The relevant consideration is the place where the key management and commercial decisions are made. Although the place of effective management will ordinarily be based at the place where the directors’ meetings are held, in certain situations these strategic decisions may be exercised by others. In these cases, the key management and commercial decisions may be made in one place, but formally finalised somewhere else by the board or by another person or group of persons.

The OECD Committee on Fiscal Affairs has currently issued two proposals, as follows:

(a) In the first proposal it has refined the concept of “the place of effective management” by expanding the Commentary explanations as to how the concept should be interpreted.

It suggests that when key decisions are made in one State but formally finalised in another State the place of effective management should be decided as follows:

1. If decisions are formally finalised at board meetings held in the other State, the State where the management and commercial decisions are made in substance.

2. If the decisions are made by a controlling interest holder (e.g. a parent company or associated enterprise), the State where these key decisions are made by that person.

3. Where the board of directors routinely approves commercial and strategic decisions of its executive officers, the State where these executives perform their functions.

(b) In the second proposal, there is a revised paragraph 4(3) in the Model treaty using four hierarchical rules that apply in succession (similar to paragraph 4(2) for individuals). The first test is the State where the effective management is situated. As a second test, the current proposal offers three different options to determine the place of effective management.

These options refer to:

(i) The State with closer economic relations,

(ii) The State where business activities are primarily carried on and

(iii) The State where senior executive decisions are primarily taken.

Failing this test, the place of effective management is determined by the State from which it derives its legal status. If this test also fails, it is finally determined through mutual agreement between the competent authorities of the Contracting States.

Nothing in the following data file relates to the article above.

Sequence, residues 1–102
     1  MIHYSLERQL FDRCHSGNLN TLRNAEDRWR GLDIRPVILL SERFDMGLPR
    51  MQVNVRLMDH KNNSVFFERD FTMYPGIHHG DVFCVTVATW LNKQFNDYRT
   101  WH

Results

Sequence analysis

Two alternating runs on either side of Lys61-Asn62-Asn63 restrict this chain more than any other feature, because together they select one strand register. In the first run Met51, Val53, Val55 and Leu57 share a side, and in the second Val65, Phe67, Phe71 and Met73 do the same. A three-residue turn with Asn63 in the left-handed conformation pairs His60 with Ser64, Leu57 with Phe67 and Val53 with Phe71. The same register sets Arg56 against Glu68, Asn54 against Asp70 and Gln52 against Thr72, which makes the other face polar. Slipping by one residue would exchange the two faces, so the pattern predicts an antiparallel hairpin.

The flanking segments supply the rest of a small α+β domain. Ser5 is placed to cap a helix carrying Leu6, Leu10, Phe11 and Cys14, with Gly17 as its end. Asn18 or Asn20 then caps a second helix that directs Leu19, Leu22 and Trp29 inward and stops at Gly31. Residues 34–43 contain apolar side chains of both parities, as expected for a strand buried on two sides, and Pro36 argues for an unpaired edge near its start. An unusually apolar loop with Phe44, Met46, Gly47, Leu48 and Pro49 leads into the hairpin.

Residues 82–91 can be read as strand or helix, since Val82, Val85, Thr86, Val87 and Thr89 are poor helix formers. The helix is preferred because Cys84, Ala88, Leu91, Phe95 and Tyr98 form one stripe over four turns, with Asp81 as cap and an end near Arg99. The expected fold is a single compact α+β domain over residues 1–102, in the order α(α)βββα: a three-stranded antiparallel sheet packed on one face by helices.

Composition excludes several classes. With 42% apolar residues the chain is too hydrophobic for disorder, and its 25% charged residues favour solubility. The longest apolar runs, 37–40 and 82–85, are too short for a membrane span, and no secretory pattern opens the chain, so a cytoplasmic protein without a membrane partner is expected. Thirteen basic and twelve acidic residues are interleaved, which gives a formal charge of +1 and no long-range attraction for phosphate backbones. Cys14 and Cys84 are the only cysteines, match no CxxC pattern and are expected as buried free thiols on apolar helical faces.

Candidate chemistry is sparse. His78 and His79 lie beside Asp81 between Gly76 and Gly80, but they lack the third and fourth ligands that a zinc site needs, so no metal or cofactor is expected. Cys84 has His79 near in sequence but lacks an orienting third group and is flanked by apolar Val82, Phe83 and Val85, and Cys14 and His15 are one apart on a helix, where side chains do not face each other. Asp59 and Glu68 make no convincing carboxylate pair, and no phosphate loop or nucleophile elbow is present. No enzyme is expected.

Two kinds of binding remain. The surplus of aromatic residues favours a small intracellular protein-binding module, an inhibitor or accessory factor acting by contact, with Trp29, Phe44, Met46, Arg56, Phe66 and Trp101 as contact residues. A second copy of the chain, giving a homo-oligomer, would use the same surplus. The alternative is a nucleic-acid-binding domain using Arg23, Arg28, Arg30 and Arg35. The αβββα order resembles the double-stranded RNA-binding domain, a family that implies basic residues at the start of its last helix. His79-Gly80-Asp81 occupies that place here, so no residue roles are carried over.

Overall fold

These proposals have not yet been finalised by the OECD Committee on Fiscal Affairs.

Some examples of the corporate residence rules used by various countries are given below:

(a) Incorporation or legal seat:

1. Incorporation or registration is the sole decisive factor:

Antigua, Argentina, Bolivia, Bulgaria, Cameroon, Chile, Colombia, Congo, Costa Rica, Ecuador, Egypt, El Salvador, Estonia, Faeroes Islands, Finland, France, Gabon, Greece, Guatemala, Honduras, Hungary, Iran, Ivory Coast, Latvia, Lithuania, Macao, Mozambique, Myanmar, Namibia, Netherlands Antilles, Nicaragua, Nigeria, Panama, Peru, Philippines, Puerto Rico, Russia, San Marino, Senegal, Slovak Republic, Slovenia, Sweden, Taiwan, Ukraine, the United States, Uzbekistan, Yugoslavia, Zimbabwe.

2. Incorporation or registration is one of the criteria:

Australia, Austria, Barbados, Belgium, Belize, Botswana, Brazil, Brunei, Cambodia, Canada, Czech Republic, Denmark, Dominican Republic, Fiji, Germany, Guernsey, Iceland, India, Indonesia, Ireland, Isle of Man, Israel, Italy, Jamaica, Japan, Jersey, Kazakhstan, Kenya, Lebanon, Liechtenstein, Lesotho, Luxembourg, Malta, Mauritius, Mexico, Myanmar, Netherlands, New Zealand, Norway, Pakistan, Papua New Guinea, Poland, Portugal, Romania, St. Lucia, Saudi Arabia, Solomon Islands, South Korea, Suriname, Spain, Sri Lanka, South Africa, Spain, Switzerland, Tanzania, Thailand, Turkey, Uganda, the United Kingdom, Venezuela, Yemen, Zambia.

(b) Location of management or real seat:

1. Location of management is the sole decisive factor:

Bahamas, Bangladesh, Barbados, Botswana, British Virgin Islands, Cyprus, Gibraltar, Ghana, Grenada, Guyana, Hong Kong, Malaysia, Montserrat, Paraguay, Singapore, Swaziland.

2. Management and/or control is one of the criteria:

Australia (superior directing management), Austria (effective top management), Belgium (de facto management), Brunei (de facto control), Belize (central management and control), Canada (central mind and management), Denmark (effective management), Dominican Republic, Egypt (central management), Fiji (practical management), France (effective management), Germany (day-to-day management), Honduras, Ireland, India, (wholly managed and controlled), Isle of Man, Israel, Italy, Jamaica, Jersey, Kazakhstan (governing body), Kenya (management and control), Lesotho (management and control), Liechtenstein (effective management), Luxembourg, Malta (management and control), Mauritius, Mexico, Netherlands (effective management and control), New Caledonia, New Zealand (centre of management), Norway, Papua New Guinea, Pakistan (wholly managed and controlled), Poland (seat of management), Portugal (effective management control), South Africa (effective management), Spain (place of administration), Sri Lanka (management and control), Suriname, Switzerland (effective or day-to-day management), Tanzania (management and control), Trinidad and Tobago, Turkey, the United Kingdom, Yemen (wholly managed and controlled), Zambia, Zimbabwe.